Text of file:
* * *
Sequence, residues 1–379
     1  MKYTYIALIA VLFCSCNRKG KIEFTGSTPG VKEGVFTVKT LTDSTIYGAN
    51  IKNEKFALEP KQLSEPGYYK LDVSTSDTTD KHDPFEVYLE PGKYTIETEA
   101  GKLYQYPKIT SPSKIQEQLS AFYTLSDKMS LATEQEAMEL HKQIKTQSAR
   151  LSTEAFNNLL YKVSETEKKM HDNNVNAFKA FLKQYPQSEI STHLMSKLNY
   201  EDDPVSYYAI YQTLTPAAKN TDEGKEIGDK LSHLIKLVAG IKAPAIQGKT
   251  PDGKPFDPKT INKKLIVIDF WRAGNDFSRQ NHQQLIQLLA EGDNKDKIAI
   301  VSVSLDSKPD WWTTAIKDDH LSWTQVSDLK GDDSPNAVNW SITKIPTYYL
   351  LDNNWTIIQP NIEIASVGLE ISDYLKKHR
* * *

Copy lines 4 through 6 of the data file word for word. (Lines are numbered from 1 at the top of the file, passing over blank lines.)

   101  GKLYQYPKIT SPSKIQEQLS AFYTLSDKMS LATEQEAMEL HKQIKTQSAR
   151  LSTEAFNNLL YKVSETEKKM HDNNVNAFKA FLKQYPQSEI STHLMSKLNY
   201  EDDPVSYYAI YQTLTPAAKN TDEGKEIGDK LSHLIKLVAG IKAPAIQGKT